What are the benefits of a fiscal year not aligning with a calender year, specifically with a government?


From research as someone who doesn’t understand economics in the slightest, I kind of get some of how it has to do with how a business operates, like I understand why schools make more sense not following the calender year. But why would this benefit the US government? Did something in particular make this a common practice?

In: Economics

The holidays and new years celebrations often have high sales volumes for many industries, so settling the books may be easier when away from these peak times.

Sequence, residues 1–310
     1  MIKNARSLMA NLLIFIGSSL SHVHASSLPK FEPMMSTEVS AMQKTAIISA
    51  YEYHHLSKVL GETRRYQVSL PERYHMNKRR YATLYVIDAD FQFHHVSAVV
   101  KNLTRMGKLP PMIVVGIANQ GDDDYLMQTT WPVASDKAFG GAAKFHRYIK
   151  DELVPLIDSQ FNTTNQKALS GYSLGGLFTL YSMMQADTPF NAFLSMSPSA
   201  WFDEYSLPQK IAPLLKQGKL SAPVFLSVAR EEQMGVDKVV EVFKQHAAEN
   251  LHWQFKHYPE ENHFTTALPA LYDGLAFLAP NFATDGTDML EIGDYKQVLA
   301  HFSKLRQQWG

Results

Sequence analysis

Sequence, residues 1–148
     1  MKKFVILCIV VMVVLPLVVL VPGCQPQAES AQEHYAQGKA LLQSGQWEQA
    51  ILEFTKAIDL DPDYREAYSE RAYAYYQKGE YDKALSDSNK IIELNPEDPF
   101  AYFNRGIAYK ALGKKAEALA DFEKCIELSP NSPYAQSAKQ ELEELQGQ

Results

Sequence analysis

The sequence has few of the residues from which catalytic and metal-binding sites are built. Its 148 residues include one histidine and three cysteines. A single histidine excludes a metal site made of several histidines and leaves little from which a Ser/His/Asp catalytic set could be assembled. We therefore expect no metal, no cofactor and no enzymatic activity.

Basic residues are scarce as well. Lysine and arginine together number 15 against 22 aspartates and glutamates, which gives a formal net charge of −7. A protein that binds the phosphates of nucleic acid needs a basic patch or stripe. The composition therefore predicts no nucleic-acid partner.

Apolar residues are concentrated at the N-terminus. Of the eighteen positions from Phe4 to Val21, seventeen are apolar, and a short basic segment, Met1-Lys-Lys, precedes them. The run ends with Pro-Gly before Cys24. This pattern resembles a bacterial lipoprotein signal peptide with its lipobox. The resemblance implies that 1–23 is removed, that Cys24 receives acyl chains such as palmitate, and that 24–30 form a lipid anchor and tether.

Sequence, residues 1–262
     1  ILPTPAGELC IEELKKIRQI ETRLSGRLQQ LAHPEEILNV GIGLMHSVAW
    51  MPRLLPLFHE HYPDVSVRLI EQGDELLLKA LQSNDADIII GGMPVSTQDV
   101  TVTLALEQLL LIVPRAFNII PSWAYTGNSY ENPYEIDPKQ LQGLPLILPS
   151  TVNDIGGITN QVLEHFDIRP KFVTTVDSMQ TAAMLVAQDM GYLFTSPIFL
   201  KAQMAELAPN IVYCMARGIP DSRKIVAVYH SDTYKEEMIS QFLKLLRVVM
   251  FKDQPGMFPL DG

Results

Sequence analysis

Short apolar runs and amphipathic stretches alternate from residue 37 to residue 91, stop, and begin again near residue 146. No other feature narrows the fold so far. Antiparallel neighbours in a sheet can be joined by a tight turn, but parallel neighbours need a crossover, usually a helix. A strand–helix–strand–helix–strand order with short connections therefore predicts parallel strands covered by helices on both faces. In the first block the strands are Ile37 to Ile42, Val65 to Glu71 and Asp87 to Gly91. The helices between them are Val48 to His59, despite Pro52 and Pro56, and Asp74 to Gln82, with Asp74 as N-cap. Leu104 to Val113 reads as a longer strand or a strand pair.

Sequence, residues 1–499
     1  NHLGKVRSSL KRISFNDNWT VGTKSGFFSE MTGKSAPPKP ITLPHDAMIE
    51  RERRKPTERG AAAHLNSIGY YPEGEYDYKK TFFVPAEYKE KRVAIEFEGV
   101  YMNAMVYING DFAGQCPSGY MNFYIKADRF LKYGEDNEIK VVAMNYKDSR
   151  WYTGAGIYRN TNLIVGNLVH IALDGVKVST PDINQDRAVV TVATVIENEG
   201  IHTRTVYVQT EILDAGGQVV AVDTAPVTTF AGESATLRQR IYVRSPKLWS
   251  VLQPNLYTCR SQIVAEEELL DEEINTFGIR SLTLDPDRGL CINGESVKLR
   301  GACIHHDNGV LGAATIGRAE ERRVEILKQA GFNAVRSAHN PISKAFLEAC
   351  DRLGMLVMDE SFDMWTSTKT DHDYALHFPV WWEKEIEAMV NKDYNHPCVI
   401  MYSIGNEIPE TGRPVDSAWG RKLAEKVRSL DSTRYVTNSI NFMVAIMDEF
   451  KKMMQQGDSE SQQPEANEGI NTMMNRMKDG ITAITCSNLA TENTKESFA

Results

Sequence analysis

Some business cycles are different from a calendar year.

Classic example is a farmer. Their business cycle is the harvest in September, sell everything in October and November-December is waiting around. January is planning for the next planting, buying seeds, fertilizer, repairing equipment, etc.

Maybe it might make sense to close their books in October after the harvest is sold, and November – May is accounted against the next harvest. Not the one that just ended.

Applying the cost of the seed you buy to plant in 2019 against the money you made from the harvest in 2018 doesn’t make sense. It makes more sense that 2019 seed costs are applied against 2019 sales.